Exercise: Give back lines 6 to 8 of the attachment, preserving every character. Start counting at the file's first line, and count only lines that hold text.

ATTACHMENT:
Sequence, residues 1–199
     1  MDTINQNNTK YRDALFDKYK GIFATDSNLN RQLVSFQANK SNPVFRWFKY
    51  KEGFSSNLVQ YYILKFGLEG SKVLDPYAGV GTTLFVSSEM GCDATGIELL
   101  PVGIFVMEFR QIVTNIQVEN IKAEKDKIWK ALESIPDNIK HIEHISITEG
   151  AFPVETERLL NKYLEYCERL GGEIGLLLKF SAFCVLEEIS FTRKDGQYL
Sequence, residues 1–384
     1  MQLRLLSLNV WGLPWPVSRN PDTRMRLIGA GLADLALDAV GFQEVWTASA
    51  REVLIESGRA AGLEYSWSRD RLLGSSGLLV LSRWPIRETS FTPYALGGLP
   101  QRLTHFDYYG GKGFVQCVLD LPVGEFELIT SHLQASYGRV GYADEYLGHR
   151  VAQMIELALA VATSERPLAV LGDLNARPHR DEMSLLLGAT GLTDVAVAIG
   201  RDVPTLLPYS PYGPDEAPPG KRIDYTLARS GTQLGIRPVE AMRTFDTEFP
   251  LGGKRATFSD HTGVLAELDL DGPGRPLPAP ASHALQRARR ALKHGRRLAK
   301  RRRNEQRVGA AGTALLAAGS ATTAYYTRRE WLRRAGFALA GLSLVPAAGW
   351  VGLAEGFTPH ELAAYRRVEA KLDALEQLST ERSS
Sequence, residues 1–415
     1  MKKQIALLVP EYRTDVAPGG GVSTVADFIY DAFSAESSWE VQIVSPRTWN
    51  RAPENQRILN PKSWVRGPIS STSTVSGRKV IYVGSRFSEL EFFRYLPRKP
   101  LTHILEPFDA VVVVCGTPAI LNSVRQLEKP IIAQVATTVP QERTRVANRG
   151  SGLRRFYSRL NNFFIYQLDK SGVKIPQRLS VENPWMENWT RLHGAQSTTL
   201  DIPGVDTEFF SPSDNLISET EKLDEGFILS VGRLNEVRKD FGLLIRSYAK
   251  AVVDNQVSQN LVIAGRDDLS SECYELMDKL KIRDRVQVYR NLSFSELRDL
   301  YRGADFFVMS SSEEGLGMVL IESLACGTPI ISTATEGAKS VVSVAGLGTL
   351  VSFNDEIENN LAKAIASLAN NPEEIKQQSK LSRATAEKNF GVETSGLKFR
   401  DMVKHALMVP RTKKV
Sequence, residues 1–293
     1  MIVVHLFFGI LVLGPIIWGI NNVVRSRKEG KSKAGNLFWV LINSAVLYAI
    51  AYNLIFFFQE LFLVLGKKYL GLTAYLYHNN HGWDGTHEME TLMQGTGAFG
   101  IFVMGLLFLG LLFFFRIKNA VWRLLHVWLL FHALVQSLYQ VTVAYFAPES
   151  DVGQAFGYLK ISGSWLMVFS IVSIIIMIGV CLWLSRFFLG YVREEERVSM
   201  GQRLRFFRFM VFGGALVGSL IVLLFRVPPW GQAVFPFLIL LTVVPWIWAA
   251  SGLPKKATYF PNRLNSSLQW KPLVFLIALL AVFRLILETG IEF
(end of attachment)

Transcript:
Sequence, residues 1–384
     1  MQLRLLSLNV WGLPWPVSRN PDTRMRLIGA GLADLALDAV GFQEVWTASA
    51  REVLIESGRA AGLEYSWSRD RLLGSSGLLV LSRWPIRETS FTPYALGGLP